30 12 induction period. This is the point when the antioxidants have been exhausted and oxidation begins rapidly. In this method a stream of purified air is passed through a sample of oil or fat which is held in a temperature controlled bath. The effluent air from the sample is bubbled through deionized water. The conductivity of the water is then monitored continually. The effluent air contains volatile organic acids, swept from the oxidized sample, that increase the conductivity of water as oxidation proceeds. The Oil Stability Index (OSI) is defined as the point where the rate of change of oxidation is a maximum. The acid and peroxide value tests are explained in Appendices A and B. Duplessis et al. [44] conducted stability studies on methyl and ethyl fatty acid esters of sunflower seed oil. Storage tests on the methyl and ethyl fatty acid esters were conducted for 90 days with six different experimental treatments at three different temperature levels (20 C. 30 ''C. and fluctuating around 50 "C). Storage of esters in contact with air. especially at temperatures above 30 ''C. resulted in significant increases in peroxide value, ultrav iolet absorption, free fatty acids, viscosity, and anisidine values. The anisidine value is a measure of the aldehyde and ketone content of the ester. Retarded oxidation for all temperature levels was found when contact with oxygen was limited. Viscosity increased at all three temperature levels, but the rate of viscosity change at higher temperature was higher than at the lower temperature..a direct relationship was found between the viscosity increase and the oxidation parameters (acid, peroxide, and anisidine value). Exposure to light resulted in a small increase in the oxidation parameters of esters stored at the highest temperature level. An antioxidant, tertiarv' butylhydroquinone (TBHQ). prevented oxidation of samples stored under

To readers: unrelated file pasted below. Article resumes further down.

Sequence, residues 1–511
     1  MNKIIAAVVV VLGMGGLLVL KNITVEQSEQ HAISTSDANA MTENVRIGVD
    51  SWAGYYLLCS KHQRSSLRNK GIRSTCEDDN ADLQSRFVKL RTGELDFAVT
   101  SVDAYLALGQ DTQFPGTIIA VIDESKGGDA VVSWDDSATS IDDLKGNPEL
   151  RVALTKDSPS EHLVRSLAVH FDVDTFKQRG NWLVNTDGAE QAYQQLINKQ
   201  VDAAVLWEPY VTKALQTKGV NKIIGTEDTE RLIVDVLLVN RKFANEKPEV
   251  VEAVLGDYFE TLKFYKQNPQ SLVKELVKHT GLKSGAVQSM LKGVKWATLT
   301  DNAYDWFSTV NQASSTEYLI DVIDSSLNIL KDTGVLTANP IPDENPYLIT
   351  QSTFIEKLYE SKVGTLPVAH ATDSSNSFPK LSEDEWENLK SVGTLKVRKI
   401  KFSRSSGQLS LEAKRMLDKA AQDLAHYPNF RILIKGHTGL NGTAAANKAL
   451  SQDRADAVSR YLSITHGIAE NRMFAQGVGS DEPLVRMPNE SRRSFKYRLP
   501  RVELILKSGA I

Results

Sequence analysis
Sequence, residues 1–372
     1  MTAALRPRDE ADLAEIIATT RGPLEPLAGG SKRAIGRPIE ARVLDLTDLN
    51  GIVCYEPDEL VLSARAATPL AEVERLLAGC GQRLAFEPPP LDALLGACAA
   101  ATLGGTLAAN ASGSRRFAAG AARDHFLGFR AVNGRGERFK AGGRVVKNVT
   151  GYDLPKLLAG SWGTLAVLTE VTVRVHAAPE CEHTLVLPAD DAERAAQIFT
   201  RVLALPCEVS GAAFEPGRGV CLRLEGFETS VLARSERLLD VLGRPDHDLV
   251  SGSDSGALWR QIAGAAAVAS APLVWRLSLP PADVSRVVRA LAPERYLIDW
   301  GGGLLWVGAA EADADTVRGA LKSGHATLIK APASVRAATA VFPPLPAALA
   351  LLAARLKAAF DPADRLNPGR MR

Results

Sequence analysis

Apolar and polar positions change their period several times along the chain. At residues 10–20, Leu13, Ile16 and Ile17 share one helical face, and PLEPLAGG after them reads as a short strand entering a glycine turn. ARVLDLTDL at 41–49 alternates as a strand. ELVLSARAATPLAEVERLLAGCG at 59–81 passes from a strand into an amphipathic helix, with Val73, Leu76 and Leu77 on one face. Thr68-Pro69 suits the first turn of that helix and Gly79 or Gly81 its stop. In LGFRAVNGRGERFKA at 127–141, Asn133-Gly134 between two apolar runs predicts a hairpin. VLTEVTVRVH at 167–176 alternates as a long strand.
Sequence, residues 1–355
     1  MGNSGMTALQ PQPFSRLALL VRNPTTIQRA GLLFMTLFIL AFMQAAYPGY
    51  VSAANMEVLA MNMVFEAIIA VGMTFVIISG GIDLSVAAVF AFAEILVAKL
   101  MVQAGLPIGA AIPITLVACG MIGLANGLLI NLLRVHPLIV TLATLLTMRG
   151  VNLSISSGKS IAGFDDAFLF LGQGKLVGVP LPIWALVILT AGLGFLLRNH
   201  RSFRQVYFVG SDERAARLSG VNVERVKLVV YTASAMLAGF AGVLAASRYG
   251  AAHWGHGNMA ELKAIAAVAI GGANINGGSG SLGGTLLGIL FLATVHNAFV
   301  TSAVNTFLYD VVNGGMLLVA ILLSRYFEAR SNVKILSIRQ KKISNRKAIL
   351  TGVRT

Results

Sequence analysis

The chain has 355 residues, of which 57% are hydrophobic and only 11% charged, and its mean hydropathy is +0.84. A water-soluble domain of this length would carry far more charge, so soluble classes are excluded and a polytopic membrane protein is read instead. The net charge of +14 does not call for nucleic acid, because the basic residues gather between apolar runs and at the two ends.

31 13 moderate conditions, but they found it was not effective if the samples were stored under high temperature (50 C). Mild steel had little catalytic eftect on the oxidation parameters. Methyl esters oxidized slightly slower than ethyl esters during the storage test. Van Gerpen et al. [24] oxidized two fuels, freshly prepared methyl esters and distilled methyl esters, under fluorescent light with continuous stirring at room temperature. AOCS official method Cd 8-53 was used to measure the peroxide value. The peroxide value of the freshly prepared, undistilled esters increased almost linearly v\ith increasing time. For these esters, it took 24 days to reach a peroxide value of 80. Howe\er. the distilled methyl esters, which had their natural antioxidant Vitamin E removed, oxidized much faster. It took only 6 days to reach a peroxide value of 96. Later measurements of the cetane number showed that it increased as the oxidation continued to increase until a peroxide value of 80 was reached. The cetane number for both undistilled and distilled esters were the same when they had the same peroxide value. 2.5 Diesel Engine Emissions Fueled with Vegetable Oil Esters.A.lthough vegetable oils have been used in a limited way in the past, most current attention has focused on transesterified vegetable oils that have proven successful in many ways. Several researchers have observed that the exhaust emissions are affected by the use of vegetable oil esters. Chang et al. [21] used a four-cylinder turbocharged DI diesel engine fueled with blends of methyl and isopropyl esters of soybean oil in No. 2 diesel fuel to test the engine's performance and emissions. The results indicated that engine performance for all the fuel blends was similar to No. 2 diesel fuel. The CO